If You’re Linking This It’s Too Late

February 16th, 2015 | 7:03 am | Daily News | 14 Comments

arizona

Slow news week last time around. Will try to pick up for this one ;)

“A skateboard is the most basic ambulatory machine. It has no gears, offers no assistance. It will protect you from nothing. It is a tool for falling. For failure. But also for freedom. For living. On a skateboard you must stay balanced in a tempest of forces beyond your control. The key is to be brave, get low, stay up and keep rolling.”

Remember when Chad Fernandez got snubbed for that Oscar? Damn.

“Late Night TV,” a New York and Philly night footage montage.

Sorta relevant: NY Skateboarding rounded up all the indoor spots in New York.

Ride rounded up a brief history of skate company videos, a.k.a. the “stepchildren of wheel video productions.” The Lordz video barely even counts as a wheel video. 1) Who has ever seen, let alone rode, a set of Lordz wheels? and 2) It’s better than most board and shoe company videos from that decade.

Chad is a 16-minute New York video by Sam Fickinger showcasing an activity that you could resume performing outside in about a month or so.

Mike Blabac unearthed some rare photos of Rickk, Carroll, others from the nineties.

Security guards aren’t the brightest bunch, international edition.

Always hear a lot of great things about Glasgow, so got a kick out of this interview / video about skateboarding in Scotland.

“‘In Syria, I couldn’t go out and play because of the war, but in Amman I can enjoy my time, stay out late and make new friends at the skate park,’ nine-year-old Ahmed Rayen, who has been in Jordan for two years, told Al Jazeera.” There are kids out there who cannot go skate because there is a fucking war going outside of their homes. It’s cold, but you don’t have it that bad dude.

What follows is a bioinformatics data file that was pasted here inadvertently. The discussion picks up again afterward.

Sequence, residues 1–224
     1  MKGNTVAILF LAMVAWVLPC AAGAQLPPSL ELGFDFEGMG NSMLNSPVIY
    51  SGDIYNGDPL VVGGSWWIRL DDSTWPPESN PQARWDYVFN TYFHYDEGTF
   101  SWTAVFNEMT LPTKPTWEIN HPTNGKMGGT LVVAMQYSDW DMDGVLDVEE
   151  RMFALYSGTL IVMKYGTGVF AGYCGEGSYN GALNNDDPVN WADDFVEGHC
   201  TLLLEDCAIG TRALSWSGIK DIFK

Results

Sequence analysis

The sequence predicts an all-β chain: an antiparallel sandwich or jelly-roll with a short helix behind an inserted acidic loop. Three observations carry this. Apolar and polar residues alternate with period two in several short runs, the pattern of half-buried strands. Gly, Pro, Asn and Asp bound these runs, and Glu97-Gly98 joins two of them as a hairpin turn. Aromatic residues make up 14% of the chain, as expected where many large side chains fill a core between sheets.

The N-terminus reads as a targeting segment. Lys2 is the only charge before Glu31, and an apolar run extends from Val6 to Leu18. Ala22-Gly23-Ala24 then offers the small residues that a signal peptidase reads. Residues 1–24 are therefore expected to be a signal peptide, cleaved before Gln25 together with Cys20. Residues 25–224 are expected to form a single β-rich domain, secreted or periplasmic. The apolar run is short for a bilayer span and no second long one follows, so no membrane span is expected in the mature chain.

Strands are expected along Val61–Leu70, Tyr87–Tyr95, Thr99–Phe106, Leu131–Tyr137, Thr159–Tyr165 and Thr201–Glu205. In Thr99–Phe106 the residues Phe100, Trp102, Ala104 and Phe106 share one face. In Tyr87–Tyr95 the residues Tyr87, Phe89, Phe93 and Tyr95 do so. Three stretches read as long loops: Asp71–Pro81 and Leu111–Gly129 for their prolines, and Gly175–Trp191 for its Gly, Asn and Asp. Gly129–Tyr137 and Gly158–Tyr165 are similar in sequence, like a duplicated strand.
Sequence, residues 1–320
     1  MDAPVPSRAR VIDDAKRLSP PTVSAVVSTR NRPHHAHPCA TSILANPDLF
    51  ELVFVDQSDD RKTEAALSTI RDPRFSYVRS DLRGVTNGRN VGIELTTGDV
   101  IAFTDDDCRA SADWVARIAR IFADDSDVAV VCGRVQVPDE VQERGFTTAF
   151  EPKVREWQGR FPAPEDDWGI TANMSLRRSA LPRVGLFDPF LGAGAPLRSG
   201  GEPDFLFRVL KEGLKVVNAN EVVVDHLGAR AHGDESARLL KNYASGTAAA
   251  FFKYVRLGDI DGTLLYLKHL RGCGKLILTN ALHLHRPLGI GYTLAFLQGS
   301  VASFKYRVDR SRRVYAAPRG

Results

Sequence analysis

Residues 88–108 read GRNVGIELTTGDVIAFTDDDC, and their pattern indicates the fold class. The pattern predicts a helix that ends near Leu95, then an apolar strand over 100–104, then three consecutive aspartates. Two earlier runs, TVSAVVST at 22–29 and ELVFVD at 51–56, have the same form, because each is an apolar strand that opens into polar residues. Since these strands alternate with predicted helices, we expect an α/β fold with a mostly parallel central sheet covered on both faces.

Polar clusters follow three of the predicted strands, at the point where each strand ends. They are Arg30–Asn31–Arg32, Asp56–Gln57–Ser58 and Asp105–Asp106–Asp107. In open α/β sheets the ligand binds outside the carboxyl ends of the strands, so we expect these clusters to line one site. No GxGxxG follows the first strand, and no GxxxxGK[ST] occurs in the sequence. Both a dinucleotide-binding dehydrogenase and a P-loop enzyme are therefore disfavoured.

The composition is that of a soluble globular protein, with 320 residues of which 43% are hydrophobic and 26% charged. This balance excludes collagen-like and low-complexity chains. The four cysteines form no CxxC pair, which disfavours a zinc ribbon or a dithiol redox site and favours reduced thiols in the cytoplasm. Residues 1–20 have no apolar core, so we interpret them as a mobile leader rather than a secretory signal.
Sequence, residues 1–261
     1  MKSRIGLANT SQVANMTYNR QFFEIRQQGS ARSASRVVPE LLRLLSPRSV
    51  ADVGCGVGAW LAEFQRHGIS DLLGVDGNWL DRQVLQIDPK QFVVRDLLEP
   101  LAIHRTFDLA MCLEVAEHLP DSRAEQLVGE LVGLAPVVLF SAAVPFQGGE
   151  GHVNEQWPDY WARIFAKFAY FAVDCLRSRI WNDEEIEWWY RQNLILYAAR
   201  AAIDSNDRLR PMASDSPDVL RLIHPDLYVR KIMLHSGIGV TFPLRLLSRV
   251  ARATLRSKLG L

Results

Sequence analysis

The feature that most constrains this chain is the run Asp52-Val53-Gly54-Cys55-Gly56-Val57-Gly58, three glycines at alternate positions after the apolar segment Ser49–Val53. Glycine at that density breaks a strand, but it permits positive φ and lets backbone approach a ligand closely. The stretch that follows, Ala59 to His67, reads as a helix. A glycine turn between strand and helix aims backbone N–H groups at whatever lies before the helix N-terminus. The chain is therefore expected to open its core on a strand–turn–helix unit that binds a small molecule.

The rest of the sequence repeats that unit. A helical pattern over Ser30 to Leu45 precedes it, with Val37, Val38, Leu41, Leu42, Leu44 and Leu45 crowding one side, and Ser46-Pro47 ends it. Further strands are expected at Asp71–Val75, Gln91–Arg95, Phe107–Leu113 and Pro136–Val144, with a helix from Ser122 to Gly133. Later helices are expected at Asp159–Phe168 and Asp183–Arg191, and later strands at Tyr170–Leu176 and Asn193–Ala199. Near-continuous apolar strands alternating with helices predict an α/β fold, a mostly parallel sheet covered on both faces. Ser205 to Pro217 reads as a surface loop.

#TBT on a Monday: Grandpa was / is a really good skateboarder #heelflip

Some Phone Vids: Happy 2015 from Mira Conyo, “Thirsty

QS Sports Desk: This looked like it was going over the top of the backboard, until…yeah, Steph for MVP. Harden is boring. Also, the Amare Stoudemire “era” is officially over in New York. It panned out like every other Knicks decision of the past 15 years, but Nov-Dec 2010, when the Amare-Felton-Gallinari-Chandler-Landry team really started to gel, is literally the fondest Knicks-related memory — save maybe Chris Childs punching Kobe or the occasional J.R. Smith hero game — of these grim fifteen years. Hopefully Marc Gasol knows better than to take Dolan’s money in July.

Quote of the Week: “Quartersnacks? What’s up with that? Is that like the same thing as the Dunk?” — Queens Mall Zumiez Employee

Tell Plan B to get it together and send that.

In Appreciation of Wheel Company Videos…

February 13th, 2015 | 1:00 pm | Reviews | 8 Comments

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Wheel companies barely scrape any semblance of the footage submission hierarchy. It’s the board company, the shoe sponsor, the high profile independent video, the Transworld part or Thrasher section, a goof-around section in the hometown video, guest tricks in friends’ parts, and then maybe, if a wheel company is rude enough to ask for footage for a full-length, they get the scraps.

Got Gold? was one of the last true pre-internet videos. Companies could still get away with packaging B-sides and parts from dudes who weren’t going to have full sections in any board company videos (i.e. half the guys in it rode for Lucky Skateboards at the time), and selling it for $20. The line-up on the box looked good, so everyone bought it. Got Gold? was as commonly seen on VHS shelves in the early 2000s as Sorry, Harsh Euro Barge, or any other video of the era worth remembering, even though it was nowhere near as thoughtfully put together. This was right before it became impossible to keep track of every skate video that came out in a given year; Got Gold? became a classic by default, sorta how seventh and eighth seeds in the Eastern Conference become playoff teams for no reason more than that there has to be eight of them.